Tuesday, 15 October 2013

Arts Subsidies

So, arts subsidies. Always a contentious issue between Rightists and Lefties, on which my opinion has recently been challenged by a few of my friends. I, of course, welcome the scrutiny - I like my ideas and opinions to be challenged. It is the basis of intelligent, rigorous debate.

I do not support public subsidy of the arts. I find it morally wrong that people being paid minimum wage should have their wages forcibly reduced by taxation in order to fund opera tickets for the middle classes. In response to this, my friends have put several arguments to me. I shall list them below, with my responses.

1. If you subsidise tickets, you'll get more people getting the benefit and therefore not restrict the arts to the privileged.
Maybe, but it doesn't stop the fact that you are taking money off un-privileged people in order to fund the subsidy. Wouldn't it just be better to not take money off those people, and let them spend their money on what they want?

It's the old Leftist argument that energy bills were much lower when the power companies were nationalised. Well, of course they were - they were constantly being bailed out by the taxpayer. We still paid the same price for the energy, we just paid for it in tax rates rather than in energy prices. They're already paying higher prices, it's just that the fact is masked by the opacity of the State.

If people genuinely want to go to the opera, or to art galleries, or to theatre shows or whatever, a few quid on the price of a ticket isn't going to put them off, especially if their taxes have been cut to an extent where they feel they can afford it.

2. There are jobs in the arts and revenue from tourism by the UK maintaining a reputation for the arts.
And the vast majority of those jobs and that revenue would continue, regardless of public subsidy. Everybody in the country would not stop rehearsing plays, or painting pictures, or sculpting, or performing music, just because the Government decided to stop spending everybody's money on pastimes which are enjoyed by the few.

Throughout history, the greatest painters, musicians, composers and sculptors haven't required subsidy from the State. They were commissioned on a private basis to produce their greatest works. Of course, there are a few exceptions - Michaelangelo's work on the ceiling of the Sistine Chapel is probably a good example of a 'publicly funded' work. But for every example of a publicly funded work of art, there are dozens of privately funded ones, ranging from the poorest pianist grubbing out a living in a cafe in Montmatre (Erik Satie) to one of the world's foremost painters taking commissions from some of the wealthiest nobles in Italy (Leonardo da Vinci).

Whichever way you look at it, art has (and, realistically, continues to be) primarily dominated by the private sector. It is an expression of human will and emotion. It doesn't need funding by the Government, and it will continue to thrive without such funding.

3. If there is a good cultural offer, more people come & spend money, keeping shelf stackers employed.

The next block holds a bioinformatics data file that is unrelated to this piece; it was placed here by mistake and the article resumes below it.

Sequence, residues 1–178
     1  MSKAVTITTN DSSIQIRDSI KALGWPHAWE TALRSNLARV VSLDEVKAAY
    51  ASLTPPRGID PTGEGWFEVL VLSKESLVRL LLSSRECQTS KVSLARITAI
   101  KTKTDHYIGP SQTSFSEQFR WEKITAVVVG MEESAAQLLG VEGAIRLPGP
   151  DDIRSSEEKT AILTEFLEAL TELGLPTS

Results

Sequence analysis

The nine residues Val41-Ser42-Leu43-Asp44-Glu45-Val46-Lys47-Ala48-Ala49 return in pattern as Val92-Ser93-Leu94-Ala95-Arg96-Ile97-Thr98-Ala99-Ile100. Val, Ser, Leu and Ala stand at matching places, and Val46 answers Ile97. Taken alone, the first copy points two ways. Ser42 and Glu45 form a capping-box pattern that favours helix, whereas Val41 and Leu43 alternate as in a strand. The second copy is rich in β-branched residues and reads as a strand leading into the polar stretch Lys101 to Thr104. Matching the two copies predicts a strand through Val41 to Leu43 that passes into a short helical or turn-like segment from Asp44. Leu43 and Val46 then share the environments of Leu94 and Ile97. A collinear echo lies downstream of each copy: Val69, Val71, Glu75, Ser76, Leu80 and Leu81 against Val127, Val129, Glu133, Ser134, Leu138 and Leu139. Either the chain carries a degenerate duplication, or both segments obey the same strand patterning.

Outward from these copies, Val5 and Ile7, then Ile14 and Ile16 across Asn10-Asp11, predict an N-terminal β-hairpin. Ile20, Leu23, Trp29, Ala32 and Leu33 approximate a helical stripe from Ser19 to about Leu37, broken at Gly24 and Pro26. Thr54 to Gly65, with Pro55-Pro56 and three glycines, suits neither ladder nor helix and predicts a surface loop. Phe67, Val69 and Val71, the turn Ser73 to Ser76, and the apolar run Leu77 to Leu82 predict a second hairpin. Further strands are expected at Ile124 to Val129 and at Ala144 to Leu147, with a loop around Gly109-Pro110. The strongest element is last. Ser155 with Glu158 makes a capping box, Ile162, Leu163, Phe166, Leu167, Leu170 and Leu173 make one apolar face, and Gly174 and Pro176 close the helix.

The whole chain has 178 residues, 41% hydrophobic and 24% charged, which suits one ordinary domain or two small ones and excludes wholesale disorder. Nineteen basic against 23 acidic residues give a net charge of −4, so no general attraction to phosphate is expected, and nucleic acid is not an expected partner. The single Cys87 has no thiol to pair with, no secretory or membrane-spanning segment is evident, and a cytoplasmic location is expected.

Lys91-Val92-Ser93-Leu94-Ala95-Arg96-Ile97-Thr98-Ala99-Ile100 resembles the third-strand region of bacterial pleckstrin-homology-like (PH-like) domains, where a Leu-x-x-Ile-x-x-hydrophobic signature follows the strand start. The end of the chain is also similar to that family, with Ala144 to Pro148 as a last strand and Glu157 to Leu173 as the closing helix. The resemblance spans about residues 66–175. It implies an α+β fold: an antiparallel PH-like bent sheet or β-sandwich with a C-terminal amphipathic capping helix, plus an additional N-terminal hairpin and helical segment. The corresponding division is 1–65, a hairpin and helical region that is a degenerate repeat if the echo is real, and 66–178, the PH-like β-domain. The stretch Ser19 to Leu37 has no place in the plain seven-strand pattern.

Yes, a small amount of movement of money can cause a snowball effect, and considerably increase the economic activity in the area. This is the rationale behind virtually every State subsidy.

I'm not questioning that this happens. I'm questioning whether it is moral to take money off the poorest in society to fund activities enjoyed mainly by those who are considerably better off, or if that money would be better spent elsewhere. Especially in light of the fact that the arts would most likely continue to happily survive without such subsidy.

4. Public funding supports all types of art forms, not just those enjoyed by the landed gentry.
It is true that a wide variety of arts organisations enjoy public funding. However, that isn't really my argument - in fact, it is part of the problem. Does the Government fund every arts organisation? No. Does the Government fund every type of art? No. It targets its funding to what it considers is best suited to the money.

Which brings us to one of the fantastic things about the arts - they are subjective. Highly subjective. Some people find work by Tracy Emin astounding - I, personally, find it mundane. Some people can't stand Shakespeare - I think some of his works are amongst the finest things ever written. Any kind of art is subject to people's opinion and taste - as to whether it's any good, even as to whether it constitutes art or not.

So, given that art is not so much a question of appetite, but of taste, who the hell are the Government to decide what is art? Who the hell are they to play supreme arbiters of taste, to decide which activities are more worthy than others? Why is opera more deserving of funding than street dance? Why is cubic art more deserving of funding than brass bands? Some people will agree, some people will not. What I disagree with is a small group of people deciding, on behalf of us poor ignorant commoners, what art is. It's patronising, condescending, and smacks of the worst form of hubristic cultural supremacy.

Does this mean I am a philistine? Far from it. I love the arts - anything that takes an inherent ability to produce, or to re-produce, is art. I am a lover of literature, music, drama and art. I just don't necessarily see why the Government should patronisingly deprive people of their own money in order to fund activities that it thinks constitute art. Why not just let them keep it, and spend it on the art that they like?